The Uncondemning Monk is a sort of everymonk with no name or date. He was not a very good monk, however. He was shiftless, sloppy, undisciplined, discinclined to pray, and so on; but in his entire life he never once judged another person. The other monks at the monastery say that as he lay dying, his face beamed and he was full of joy. “Whoa,” one of them said, “aren’t you afraid to die, being a lousy monk and all?” Our saint said, “I just saw the angels, and they had a paper/papyrus/vellum/clay tablet [delete as required] with all my sins on it. But I said to them, ‘It is written, “Judge not, lest ye be judged.” I have never judged anyone. I hope that God in his mercy will not judge me.’” “What happened then?” the other monks asked. “Well, they tore up the piece of paper. See you guys on the other side.” And with that he died. The other monks were full of amazement and wonder and stuffs.
John Climacus (between 505 and 579–between 605 and 649) (or “John of the Ladder”), was abbot of St. Catherine’s Monastery on Mt. Sinai, and author of a towering spiritual classic that he named after himself (The Ladder), which is still read today and not just in seminary. Hailing from Palestine or Syria, and educated, John may or may not have been married and widowed. He came to the monastery at Sinai (then called Vatos) at age 16, and was apprenticed to Martyrius, who taught him the importance of silence (one source says he was something of a chatterbox), humility, and obedience. After Martyrius died, John headed out into the desert to live as a hermit, with the usual result that people came from far and wide to see and hear him. He was especially good at giving comfort to the distressed, and the distressed knew it. He moved into a cave, but it was no use; the distressed found him. Perhaps out of jealousy, some of his fellow monks accused him of liking the sound of his own voice a little too much. When John heard this, he kept silent for a year. Finally the busybodies apologized and begged him to resume counseling people (perhaps they had to take up the slack). At about 70, he was abbotified, if involuntarily.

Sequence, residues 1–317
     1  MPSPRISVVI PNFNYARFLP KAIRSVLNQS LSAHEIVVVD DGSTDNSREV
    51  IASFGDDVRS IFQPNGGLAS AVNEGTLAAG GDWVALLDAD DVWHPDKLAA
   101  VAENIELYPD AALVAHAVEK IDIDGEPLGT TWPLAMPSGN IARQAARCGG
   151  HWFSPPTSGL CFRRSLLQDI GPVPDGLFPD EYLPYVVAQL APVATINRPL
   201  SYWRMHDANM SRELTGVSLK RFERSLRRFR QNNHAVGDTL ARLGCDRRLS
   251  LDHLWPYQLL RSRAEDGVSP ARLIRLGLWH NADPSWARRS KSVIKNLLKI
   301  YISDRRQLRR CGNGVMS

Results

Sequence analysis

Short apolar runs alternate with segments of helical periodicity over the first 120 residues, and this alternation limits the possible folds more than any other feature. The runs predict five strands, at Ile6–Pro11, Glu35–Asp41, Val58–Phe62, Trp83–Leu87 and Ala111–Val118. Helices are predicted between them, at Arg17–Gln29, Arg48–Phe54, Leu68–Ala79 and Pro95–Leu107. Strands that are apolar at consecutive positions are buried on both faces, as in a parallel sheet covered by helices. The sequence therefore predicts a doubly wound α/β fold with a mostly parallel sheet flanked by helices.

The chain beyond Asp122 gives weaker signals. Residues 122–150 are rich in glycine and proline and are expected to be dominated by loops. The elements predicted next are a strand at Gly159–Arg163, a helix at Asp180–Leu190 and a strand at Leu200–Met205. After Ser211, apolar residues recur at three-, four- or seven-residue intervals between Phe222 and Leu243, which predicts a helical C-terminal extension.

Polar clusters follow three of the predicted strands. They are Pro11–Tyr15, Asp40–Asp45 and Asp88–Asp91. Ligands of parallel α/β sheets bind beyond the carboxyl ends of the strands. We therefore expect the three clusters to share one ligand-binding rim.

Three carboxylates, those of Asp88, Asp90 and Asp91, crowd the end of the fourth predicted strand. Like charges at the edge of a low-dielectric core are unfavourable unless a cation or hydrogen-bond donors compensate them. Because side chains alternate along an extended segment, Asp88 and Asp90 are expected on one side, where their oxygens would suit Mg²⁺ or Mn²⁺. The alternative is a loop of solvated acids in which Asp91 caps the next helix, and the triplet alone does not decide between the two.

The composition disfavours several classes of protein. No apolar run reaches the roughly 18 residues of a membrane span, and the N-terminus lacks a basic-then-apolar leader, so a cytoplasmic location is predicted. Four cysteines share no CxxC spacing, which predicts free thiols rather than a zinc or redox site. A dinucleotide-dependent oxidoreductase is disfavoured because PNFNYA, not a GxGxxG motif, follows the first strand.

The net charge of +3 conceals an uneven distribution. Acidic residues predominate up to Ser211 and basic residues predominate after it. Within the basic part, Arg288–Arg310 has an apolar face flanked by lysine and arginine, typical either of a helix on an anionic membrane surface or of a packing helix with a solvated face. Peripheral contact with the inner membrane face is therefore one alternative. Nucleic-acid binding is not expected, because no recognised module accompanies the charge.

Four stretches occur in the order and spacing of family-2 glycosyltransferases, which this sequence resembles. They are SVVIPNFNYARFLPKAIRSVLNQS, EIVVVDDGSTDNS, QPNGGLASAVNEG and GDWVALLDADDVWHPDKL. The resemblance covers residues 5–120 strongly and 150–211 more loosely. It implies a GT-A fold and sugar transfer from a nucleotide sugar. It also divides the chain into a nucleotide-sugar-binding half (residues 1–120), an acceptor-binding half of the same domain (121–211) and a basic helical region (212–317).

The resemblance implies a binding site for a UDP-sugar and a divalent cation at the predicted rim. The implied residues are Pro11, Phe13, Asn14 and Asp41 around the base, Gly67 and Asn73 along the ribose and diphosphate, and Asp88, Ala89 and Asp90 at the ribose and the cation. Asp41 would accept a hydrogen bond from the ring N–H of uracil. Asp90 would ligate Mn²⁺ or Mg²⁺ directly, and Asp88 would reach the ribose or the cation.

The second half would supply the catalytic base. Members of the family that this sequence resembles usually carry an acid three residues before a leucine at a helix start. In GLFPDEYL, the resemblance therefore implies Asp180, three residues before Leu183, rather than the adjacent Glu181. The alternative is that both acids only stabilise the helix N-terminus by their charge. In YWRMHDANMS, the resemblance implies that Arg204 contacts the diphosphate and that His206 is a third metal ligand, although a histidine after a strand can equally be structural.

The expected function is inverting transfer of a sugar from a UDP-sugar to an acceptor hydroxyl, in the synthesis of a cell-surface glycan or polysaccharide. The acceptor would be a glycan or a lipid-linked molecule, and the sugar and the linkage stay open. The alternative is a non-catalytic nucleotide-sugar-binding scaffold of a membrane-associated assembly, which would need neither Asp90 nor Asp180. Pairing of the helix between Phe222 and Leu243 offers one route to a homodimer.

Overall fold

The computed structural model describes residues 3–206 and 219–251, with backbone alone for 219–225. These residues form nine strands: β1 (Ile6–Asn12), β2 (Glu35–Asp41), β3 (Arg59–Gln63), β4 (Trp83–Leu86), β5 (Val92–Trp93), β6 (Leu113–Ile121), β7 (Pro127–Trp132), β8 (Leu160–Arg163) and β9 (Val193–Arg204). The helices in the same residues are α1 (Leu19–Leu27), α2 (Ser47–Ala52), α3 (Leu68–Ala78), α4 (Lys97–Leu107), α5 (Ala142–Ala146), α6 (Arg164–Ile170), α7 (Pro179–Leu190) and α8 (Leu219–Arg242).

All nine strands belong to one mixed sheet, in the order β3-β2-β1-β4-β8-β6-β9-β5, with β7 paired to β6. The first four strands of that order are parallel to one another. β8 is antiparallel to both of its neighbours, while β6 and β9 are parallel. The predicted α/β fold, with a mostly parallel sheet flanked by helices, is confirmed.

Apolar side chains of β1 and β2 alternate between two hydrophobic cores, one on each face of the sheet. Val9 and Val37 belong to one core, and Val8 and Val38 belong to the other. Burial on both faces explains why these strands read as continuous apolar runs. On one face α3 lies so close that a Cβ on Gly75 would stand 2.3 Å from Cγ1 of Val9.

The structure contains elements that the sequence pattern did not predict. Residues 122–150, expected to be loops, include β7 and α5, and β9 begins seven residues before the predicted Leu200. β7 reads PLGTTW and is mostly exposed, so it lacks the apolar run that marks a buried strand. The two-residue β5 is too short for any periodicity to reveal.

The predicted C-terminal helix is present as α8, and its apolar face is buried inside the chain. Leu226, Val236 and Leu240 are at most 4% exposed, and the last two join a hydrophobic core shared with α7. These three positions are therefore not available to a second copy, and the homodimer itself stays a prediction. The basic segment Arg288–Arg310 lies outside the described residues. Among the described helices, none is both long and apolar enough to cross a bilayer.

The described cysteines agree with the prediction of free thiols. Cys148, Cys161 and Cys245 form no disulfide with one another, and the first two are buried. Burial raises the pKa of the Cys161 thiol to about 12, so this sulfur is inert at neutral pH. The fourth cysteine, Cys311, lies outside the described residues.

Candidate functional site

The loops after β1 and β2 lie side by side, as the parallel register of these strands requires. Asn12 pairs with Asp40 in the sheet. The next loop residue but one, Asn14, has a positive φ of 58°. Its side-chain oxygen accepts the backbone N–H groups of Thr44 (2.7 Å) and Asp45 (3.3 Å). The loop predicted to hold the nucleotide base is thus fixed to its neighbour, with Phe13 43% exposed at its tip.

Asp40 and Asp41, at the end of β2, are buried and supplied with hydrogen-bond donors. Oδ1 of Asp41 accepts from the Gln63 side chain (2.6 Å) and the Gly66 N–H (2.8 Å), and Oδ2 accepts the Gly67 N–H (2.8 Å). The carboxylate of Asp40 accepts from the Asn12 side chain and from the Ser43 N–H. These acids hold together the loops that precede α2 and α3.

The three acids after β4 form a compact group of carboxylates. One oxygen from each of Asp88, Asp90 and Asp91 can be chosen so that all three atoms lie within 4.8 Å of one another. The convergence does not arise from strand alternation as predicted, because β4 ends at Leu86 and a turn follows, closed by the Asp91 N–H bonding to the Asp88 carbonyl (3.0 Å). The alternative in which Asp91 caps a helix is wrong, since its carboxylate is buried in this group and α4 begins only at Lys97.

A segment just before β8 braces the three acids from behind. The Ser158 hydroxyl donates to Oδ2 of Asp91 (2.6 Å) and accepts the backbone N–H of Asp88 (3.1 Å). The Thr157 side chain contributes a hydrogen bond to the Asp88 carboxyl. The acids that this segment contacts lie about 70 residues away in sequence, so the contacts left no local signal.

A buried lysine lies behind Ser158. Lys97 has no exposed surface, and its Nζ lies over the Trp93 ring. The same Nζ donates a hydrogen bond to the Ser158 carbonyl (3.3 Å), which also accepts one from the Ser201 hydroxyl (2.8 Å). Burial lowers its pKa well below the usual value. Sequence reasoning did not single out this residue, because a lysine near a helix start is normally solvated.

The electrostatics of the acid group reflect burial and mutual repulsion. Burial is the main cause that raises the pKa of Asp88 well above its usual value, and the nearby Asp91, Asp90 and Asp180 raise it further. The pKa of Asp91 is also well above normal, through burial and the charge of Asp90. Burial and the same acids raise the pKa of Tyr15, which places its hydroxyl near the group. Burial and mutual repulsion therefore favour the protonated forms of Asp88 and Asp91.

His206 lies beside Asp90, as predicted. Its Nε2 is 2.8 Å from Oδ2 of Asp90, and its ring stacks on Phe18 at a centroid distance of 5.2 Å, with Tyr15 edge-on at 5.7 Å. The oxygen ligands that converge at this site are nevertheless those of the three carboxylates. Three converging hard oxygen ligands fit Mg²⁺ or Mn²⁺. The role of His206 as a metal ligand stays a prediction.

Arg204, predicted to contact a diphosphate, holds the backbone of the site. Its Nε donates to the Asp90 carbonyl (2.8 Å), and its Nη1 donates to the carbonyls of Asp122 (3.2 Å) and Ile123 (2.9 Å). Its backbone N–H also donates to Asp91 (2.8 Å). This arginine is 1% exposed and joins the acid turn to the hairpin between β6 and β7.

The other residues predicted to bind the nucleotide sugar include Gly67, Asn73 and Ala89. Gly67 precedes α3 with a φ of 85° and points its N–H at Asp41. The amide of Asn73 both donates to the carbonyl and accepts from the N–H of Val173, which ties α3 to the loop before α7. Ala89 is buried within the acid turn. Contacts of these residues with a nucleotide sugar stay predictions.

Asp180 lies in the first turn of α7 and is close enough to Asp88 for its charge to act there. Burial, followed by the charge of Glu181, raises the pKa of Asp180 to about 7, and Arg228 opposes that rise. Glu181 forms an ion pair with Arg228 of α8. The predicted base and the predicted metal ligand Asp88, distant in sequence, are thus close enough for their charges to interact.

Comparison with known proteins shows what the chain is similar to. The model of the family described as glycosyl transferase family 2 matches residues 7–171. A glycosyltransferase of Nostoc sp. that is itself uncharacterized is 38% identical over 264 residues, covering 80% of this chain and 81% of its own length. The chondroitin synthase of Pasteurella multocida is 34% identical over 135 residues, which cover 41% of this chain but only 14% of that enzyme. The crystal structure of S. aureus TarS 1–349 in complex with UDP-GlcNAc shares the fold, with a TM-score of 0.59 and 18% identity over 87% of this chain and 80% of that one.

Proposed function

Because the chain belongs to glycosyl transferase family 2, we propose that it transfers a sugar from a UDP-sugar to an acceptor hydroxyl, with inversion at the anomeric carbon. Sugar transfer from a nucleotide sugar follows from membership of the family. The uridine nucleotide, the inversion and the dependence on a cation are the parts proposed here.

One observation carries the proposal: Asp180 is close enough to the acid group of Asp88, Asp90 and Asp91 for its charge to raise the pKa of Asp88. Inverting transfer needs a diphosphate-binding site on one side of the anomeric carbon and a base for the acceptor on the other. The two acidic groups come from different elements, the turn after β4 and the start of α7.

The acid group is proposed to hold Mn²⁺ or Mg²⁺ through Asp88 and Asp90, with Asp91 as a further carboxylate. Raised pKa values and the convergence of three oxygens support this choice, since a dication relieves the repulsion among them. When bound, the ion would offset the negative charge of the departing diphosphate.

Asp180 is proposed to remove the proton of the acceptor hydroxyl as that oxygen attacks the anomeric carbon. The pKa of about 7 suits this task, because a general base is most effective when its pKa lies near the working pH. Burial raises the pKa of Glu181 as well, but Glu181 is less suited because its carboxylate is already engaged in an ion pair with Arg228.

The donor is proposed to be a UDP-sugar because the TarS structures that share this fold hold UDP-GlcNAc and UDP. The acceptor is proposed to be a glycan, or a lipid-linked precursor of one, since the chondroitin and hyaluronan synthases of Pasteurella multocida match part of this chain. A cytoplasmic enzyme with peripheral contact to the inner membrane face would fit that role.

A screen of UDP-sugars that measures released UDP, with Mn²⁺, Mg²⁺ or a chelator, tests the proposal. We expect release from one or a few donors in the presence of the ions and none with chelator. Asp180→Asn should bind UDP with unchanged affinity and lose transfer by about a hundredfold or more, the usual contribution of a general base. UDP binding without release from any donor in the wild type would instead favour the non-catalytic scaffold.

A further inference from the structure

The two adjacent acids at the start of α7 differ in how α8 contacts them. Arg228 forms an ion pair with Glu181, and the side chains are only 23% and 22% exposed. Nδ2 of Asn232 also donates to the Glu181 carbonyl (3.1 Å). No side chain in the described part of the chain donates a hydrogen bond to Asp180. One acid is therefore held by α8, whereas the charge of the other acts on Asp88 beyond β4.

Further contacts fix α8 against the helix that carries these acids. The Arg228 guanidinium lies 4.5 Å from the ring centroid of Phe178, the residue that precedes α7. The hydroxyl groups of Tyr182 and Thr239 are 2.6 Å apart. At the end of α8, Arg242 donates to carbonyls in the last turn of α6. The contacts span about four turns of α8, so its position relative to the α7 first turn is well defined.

John is most famous, however, for the aforementioned Ladder, written in response to a request by a fellow abbot who sought wisdom on the monastic life for use in other monasteries and bookstores. It consists of thirty chapters called “rungs,” one for each of the years of Jesus’ life, and each of which discusses a virtue or discipline for monks to aspire to. So for example Rung 1 is “Renunciation,” Rung 11 is “On talkativeness and silence,” and Rung 30 is “The Supreme Trinity among the virtues.” Eminently quotable and chock-full of good advice, it was a best-seller for many centuries.
We finish with a miracle. John had a disciple named Moses, who went out one day to haul manure in the garden. When the day got hot, Moses laid down in the shade of a big rock and fell asleep. John was doing the same in his office. Suddenly a strange-looking man appeared and said, “Wake up! Moses is in danger!” Although understandably confused, John immediately began praying for his disciple. When Moses finally came in that evening, John asked him nonchalantly how his day went, and if anything interesting or, you know, dangerous happened. Moses said, “It was the strangest thing. I was sleeping under this rock, and thought I heard you calling me, so I got up, and the rock collapsed onto where I had just been.” John kept his vision to himself, but thanked God for saving his beloved disciple.